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The British attacked the area during the First Anglo-Afghan War in 1839, but had to withdraw with heavy losses in 1842. The British soldiers partly destroyed Kabul before retreating to British India. Kabul was occupied again by British forces during the Second Anglo-Afghan War in 1879, but they left about a year later when Emir Abdur Rahman Khan came to power. In 1919 there was the Third Anglo-Afghan War. That year, the eastern city of Jalalabad was bombed by the British Royal Air Force in May. Amanullah Khan defeated the British and after signing the Treaty of Rawaldipindi, he began to modernize the country.
In the 1960s and 1970s Kabul looked like a kind of European city, it became a prosperous and modern capital and was called the Paris of Central Asia. At the time, Kabul had everything a modern capital has: modern cinemas, cafeterias, formal gardens, schools, libraries, universities, beautiful shops. The people of Kabul were highly educated, modern, progressive and cosmopolitan. Both men and women attended primary school, secondary school and college.
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Due to the interference of the Soviet armed forces in the late 1970s, the progressive and peaceful society disappeared and the city changed. The Soviet troops had a command center in Kabul. In February 1989, Soviet forces withdrew from Afghanistan after being defeated by the Mujahedeen. In the spring of 1992, Kabul fell to the Mujahedeen. Various warring factions were in constant conflict. In 1996 the Taliban took over the region and introduced strict Islamic Sharia law. This restricted most education, entertainment, and forbade working for women and shaving beards for men.
In October 2001, United States armed forces assisted by the British armed forces during Operation Enduring Freedom took Kabul. The Taliban left Kabul and the United Front took control of the city. In December 2001, Kabul became the capital of the Afghan transitional government, which was later transformed into the current government of Afghanistan. Kabul is still unsettled and dangerous.
The population of the city has grown from about 500,000 in 2001 to over 3 million in 2007. Many foreign embassies have reopened, especially the large US embassy. Afghan government agencies were established and modernized. The newly trained Afghan National Police and the Afghan National Army are in charge of security in the area.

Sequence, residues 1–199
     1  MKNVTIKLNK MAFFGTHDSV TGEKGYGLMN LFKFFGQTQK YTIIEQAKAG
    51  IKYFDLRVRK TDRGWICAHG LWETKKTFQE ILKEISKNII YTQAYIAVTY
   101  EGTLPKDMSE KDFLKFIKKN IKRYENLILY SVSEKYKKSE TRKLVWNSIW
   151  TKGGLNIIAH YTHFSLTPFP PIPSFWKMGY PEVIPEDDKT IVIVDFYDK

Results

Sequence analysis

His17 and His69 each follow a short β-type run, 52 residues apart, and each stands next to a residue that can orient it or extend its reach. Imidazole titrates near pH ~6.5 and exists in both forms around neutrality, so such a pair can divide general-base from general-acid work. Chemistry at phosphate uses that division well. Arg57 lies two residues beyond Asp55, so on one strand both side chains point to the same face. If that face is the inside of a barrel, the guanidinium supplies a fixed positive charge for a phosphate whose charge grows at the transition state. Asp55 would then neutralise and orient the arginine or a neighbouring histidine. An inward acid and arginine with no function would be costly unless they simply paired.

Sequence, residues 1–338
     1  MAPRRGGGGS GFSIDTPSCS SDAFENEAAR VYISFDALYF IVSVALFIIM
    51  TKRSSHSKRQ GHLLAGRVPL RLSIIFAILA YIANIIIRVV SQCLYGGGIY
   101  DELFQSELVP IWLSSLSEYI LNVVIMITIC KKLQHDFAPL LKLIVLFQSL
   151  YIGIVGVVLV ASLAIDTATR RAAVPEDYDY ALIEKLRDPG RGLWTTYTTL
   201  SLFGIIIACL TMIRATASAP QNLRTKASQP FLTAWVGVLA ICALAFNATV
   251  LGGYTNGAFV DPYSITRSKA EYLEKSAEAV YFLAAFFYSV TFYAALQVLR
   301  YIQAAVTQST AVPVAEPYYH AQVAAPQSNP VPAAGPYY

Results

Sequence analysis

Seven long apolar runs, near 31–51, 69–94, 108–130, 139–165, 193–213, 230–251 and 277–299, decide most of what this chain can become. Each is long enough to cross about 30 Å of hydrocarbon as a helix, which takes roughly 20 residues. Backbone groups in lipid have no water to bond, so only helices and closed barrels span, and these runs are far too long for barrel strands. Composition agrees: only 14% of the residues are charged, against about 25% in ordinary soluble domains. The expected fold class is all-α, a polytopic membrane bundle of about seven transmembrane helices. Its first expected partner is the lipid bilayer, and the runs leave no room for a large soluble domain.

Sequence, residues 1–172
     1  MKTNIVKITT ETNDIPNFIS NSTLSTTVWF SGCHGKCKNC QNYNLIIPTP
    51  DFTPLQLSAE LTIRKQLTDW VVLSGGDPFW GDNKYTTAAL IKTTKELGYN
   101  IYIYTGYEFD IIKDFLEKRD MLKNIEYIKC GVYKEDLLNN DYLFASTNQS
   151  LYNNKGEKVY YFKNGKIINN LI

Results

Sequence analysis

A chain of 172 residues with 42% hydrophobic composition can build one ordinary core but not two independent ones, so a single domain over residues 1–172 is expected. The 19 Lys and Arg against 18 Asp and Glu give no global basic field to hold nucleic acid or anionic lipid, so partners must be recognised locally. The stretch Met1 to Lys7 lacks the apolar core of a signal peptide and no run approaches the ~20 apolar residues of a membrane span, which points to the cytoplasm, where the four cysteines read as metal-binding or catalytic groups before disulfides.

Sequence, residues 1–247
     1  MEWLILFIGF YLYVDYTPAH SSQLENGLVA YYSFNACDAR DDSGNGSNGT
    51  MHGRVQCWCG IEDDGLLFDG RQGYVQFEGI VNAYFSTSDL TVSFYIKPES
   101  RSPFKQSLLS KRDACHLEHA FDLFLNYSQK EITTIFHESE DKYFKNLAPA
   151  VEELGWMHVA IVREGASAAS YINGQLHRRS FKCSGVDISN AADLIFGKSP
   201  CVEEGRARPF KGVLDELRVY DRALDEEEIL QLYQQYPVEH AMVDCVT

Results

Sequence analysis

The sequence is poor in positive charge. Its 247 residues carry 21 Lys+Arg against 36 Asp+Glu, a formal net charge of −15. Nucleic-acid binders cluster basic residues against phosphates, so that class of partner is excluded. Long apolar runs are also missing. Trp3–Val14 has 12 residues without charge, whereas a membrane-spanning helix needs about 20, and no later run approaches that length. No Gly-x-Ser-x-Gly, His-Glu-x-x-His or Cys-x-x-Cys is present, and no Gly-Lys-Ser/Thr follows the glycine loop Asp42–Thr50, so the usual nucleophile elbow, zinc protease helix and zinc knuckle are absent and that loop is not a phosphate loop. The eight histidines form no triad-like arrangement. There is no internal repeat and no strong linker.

The biggest tourist attraction is the old part of Kabul with its many bazaars in narrow, winding streets.
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Cultural attractions include: the National Museum of Afghanistan, the ruin of the Darul Aman Palace, the tomb of the Mughol Emperor Babur in Bagh-e Babur and Chehlstoon Park, the Minar-i-Istiqlal (Independence Column), built in 1919 after the Third Afghan War, the Mausoleum of Timur Shah Durrani and the imposing Id Gah Mosque (established 1893).
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Other attractions include the first shopping center in Kabul, the shops around Flower Street and Chicken Street, the Wazir Akbar Khan district, the Kabul Zoo, the National Gallery of Afghanistan, the National Archives of Afghanistan, the mausoleum of the Afghan Royal Family and the Paghman Gardens.
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Outside the city itself there is a citadel and the royal palace. There are beautiful parks in Kabul: Bagh-e Babur (Gardens of Babur), Baghi Bala Park, Zarnegar Park, Shar-e Naw Park, Bagh-e Zanana, Bibi Mahro Park and Lake Qargha.
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The famous Mosques are: Abdul Rahman Mosque, Id Gah Mosque, Blue Mosque, Pul-e Khishti Mosque and Shah-Do Shamshira Mosque.
A trip to Kabul is not for everyone and also dangerous. It's something for the very adventurous travelers at the moment, but maybe the tide is turning. It is advisable to keep a close eye on the travel advice from the Ministry of Foreign Affairs.
Last updated December 2020